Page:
kandi X-RAY | tinygo Summary
kandi X-RAY | tinygo Summary
TinyGo is a Go compiler intended for use in small places such as microcontrollers, WebAssembly (Wasm), and command-line tools. It reuses libraries used by the Go language tools alongside LLVM to provide an alternative way to compile programs written in the Go programming language.
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Trending Discussions on tinygo
Trying to understand wasm in go, so I wrote the below that:
- Manipulate DOM
- Call JS function
- Define a function that can called by JS
function undefined, my code is below, the issue I have is in the function
ANSWERAnswered 2021-Nov-10 at 18:00
I found the solution, that I need something to detect and confirm that
wasm had been loaded and ready for processing, same the one used in JS to check if the document is ready:
I'm using Golang to program a arduino uno with tinygo. I am trying to map two value ranges.
One is an encoder with a range between 0-1000 and the other is tinygo's ADC range between 0-65535. I am reading the ADC range and need to covert it to the range of 0-1000 (encoder).
I have tried several things but the basic issue that I'm running into is data types. The below formula for example equals 0:...
ANSWERAnswered 2021-Nov-05 at 21:28
1000/65535 is an integer division and will result in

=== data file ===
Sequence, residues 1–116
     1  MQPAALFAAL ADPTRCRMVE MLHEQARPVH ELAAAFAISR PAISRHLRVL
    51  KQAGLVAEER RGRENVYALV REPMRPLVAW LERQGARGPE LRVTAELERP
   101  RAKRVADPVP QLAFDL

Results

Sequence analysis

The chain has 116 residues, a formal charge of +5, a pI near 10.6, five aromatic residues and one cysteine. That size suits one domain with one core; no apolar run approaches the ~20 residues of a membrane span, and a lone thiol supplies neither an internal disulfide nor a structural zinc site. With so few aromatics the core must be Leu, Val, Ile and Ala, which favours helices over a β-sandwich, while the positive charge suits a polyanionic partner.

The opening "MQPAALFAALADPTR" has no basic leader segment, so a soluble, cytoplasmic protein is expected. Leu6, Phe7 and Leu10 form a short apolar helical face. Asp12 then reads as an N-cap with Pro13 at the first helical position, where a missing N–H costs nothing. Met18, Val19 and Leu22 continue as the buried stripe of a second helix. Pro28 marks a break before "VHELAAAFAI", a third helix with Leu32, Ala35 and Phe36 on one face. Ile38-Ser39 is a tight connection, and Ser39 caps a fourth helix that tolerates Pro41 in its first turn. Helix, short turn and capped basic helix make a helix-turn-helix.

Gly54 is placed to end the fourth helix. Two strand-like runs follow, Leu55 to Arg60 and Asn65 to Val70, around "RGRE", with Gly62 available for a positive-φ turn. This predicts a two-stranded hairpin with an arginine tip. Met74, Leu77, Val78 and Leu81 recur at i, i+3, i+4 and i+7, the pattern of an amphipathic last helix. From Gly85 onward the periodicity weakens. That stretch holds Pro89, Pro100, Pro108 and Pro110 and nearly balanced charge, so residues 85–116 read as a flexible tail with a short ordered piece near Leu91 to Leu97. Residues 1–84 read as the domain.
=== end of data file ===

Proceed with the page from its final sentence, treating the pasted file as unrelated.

0. It doesn't matter if you convert the result to
float64, then it'll be
Use floating point constant(s):
The TinyGo Homepage says that it is designed for micro controllers (or MCU). I wonder if it is possible to use TinyGo to compile go into small binary for ARM/Linux system?
UPX --best --lzma, my go code compiles to arm binary about 1MB, I hope to make it even smaller, because the system has limited storage.
ANSWERAnswered 2021-Sep-07 at 19:25
tl;dr: basically yes, but you might have to port your program.
I wonder if it is possible to use TinyGo to compile go into small binary for ARM/Linux system?
Yes (reference: https://tinygo.org/docs/guides/linux/)
TinyGo also lets you compile programs for Linux systems, both 32-bit and 64-bit, on both x86 and ARM architectures.
For cross compiling, you can use GOOS and GOARCH as usual.
ANSWERAnswered 2021-Jun-28 at 10:14
Decoding and getting the
name part is easy. But this does not ensure the token is valid, meaning the owner of the token is truly what the name says!
JWT tokens just contain the base64 encoded forms of a header, payload and signature parts, connected with a
.. So just split the token by
., decode the base64 string and you may use
json.Unmarshal() to convert the header and playload parts to maps or structs.
You must verify the signature to ensure the name is valid. If you don't perform signature verification, a token may easily be forged to pose as anyone. Signature verification is exactly what JWT libs do (besides parsing and generating tokens). How to do that, check the sources of JWT libs. I also believe there are open-source libs that process JWT tokens that also work with tiny-go.
Example code to decode the parts and print the
No vulnerabilities reported
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